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Originally published Friday, February 20, 2009 at 12:00 AM

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Potentially fatal airborne fungus found in Oregon

A new and potentially fatal strain of airborne fungus Cryptococcus gatti, related to one that killed several people on Canada's Vancouver Island, has turned up in Oregon and researchers say they don't know how it got here.

The Associated Press

PORTLAND — A new and potentially fatal strain of an airborne fungus, related to one that killed several people on Canada's Vancouver Island, has turned up in Oregon and researchers say they don't know how it got here.

Since 1999, Cryptococcus gatti is known to have killed 19 people and sickened more than 160 others, and killed or sickened scores of animals on the island, where it remains a problem.

Between 2006 and 2008, 13 human cases were diagnosed in Washington state and nine in Western Oregon.

Molecular geneticists and microbiologists at Duke University found three varieties of Cryptococcus gatti, and one of them is unique to Oregon. It is known as Cryptococcus gatti VGIIc.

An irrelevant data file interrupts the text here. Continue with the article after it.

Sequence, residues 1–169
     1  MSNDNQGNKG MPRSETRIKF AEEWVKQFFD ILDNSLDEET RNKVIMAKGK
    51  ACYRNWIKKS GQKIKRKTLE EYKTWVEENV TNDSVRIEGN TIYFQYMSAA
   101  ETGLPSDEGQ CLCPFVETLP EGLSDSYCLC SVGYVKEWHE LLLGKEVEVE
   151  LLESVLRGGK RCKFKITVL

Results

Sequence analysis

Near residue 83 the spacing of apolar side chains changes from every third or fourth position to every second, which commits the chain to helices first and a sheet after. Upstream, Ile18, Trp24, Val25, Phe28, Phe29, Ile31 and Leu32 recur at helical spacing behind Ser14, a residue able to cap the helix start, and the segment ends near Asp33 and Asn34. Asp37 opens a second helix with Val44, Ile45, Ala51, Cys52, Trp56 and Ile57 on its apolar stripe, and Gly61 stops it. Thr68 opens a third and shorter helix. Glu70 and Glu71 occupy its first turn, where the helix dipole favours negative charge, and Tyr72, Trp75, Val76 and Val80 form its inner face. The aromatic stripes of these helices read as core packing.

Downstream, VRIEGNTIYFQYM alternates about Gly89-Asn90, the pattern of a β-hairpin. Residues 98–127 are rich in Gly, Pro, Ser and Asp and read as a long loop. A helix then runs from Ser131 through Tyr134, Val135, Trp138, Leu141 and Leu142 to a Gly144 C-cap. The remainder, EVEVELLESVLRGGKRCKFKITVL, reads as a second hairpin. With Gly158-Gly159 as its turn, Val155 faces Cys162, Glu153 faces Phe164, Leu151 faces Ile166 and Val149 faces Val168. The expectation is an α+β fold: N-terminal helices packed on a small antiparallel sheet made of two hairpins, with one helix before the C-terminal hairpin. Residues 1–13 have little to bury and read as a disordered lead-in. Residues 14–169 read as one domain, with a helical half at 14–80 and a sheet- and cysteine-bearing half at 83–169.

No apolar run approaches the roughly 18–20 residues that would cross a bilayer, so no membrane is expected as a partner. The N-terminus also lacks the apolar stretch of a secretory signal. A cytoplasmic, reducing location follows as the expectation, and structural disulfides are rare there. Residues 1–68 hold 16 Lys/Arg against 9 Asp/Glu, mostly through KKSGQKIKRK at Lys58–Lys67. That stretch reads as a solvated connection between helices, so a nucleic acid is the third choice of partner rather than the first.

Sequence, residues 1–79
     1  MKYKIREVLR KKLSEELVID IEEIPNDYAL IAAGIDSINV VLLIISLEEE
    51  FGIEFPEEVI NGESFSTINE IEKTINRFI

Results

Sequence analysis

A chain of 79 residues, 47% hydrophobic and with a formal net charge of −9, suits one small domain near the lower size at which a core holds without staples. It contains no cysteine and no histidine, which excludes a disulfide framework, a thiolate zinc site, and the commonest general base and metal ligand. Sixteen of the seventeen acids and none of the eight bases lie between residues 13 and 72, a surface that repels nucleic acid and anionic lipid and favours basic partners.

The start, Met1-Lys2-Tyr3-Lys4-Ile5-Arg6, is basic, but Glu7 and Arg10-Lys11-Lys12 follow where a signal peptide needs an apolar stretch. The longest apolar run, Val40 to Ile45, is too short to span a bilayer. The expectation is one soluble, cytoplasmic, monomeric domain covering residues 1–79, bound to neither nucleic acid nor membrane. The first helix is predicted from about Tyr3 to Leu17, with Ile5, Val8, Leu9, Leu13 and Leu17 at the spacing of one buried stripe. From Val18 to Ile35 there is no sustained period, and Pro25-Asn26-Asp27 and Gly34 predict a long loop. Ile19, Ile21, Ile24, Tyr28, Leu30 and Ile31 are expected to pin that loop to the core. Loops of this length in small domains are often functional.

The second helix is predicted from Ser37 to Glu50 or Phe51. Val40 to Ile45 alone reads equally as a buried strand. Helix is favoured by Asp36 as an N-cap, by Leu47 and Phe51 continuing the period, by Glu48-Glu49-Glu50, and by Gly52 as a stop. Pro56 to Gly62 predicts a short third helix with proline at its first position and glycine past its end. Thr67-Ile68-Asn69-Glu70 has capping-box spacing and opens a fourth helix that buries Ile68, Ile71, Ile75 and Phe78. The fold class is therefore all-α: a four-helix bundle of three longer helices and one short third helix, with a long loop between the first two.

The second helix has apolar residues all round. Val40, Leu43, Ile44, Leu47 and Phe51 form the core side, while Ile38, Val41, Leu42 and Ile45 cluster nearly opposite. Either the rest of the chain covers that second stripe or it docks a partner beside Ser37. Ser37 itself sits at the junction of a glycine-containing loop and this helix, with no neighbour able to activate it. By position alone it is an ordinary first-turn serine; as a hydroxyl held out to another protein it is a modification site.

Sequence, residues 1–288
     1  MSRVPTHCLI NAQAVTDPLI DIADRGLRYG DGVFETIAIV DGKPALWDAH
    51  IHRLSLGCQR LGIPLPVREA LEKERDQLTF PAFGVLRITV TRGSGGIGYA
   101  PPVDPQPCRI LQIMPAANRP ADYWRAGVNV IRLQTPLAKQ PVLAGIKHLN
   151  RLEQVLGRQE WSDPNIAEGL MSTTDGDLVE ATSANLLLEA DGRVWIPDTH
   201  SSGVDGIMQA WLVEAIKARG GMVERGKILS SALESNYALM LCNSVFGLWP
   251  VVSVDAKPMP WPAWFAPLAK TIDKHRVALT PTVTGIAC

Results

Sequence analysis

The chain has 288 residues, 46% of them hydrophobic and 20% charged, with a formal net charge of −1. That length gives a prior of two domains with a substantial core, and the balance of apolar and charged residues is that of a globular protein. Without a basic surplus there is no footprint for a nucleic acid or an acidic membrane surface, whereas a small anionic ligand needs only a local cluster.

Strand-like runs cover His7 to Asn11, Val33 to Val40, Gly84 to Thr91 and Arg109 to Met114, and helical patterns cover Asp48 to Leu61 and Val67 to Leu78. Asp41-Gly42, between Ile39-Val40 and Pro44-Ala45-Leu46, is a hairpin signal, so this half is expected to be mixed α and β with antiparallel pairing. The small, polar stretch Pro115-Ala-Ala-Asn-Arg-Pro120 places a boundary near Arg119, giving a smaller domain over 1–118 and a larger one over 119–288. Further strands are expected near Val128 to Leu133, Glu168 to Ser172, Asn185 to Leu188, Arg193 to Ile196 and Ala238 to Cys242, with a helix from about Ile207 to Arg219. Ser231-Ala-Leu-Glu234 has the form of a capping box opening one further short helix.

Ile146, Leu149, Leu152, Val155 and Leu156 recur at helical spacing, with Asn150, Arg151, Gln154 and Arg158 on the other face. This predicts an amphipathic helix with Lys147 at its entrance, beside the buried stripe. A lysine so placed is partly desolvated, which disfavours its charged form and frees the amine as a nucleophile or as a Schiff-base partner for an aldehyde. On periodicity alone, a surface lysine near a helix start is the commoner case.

"It isn't known yet whether Oregon's VGIIc is more virulent than the others," Edmond Byrnes, lead author of the Duke study who visited Oregon to look into the new fungus, told The Associated Press on Thursday.

Cryptococcus can affect the lungs and cause fatal meningitis. Early symptoms tend to be flulike. Byrnes said early diagnosis is important, and while lengthy treatment with antifungal drugs can cure it, about 25 percent die.

The VGIIc was found in Oregon in three people, an alpaca and a cat in 2007 and 2008, mostly in the Portland area, Byrnes said.

Dr. Paul R. Cieslak, who heads the office of communicable disease and prevention of the Oregon Health Division, said people have died from Cryptococcus, but there is no requirement to report cases, so it is unknown how many people have died.

Byrnes said the incidence among animals may be higher than reported, too, because tests to find it are expensive.

Dr. Robert Bildfell, of Oregon State University's school for veterinary medicine, who took part in the study, said it most likely enters the body through the lungs but may come in through the mouth.

He said on Vancouver Island it was generally linked to the presence of cedar, fir and alder trees, and Cieslak said that may well hold for Oregon.

Copyright © 2009 The Seattle Times Company

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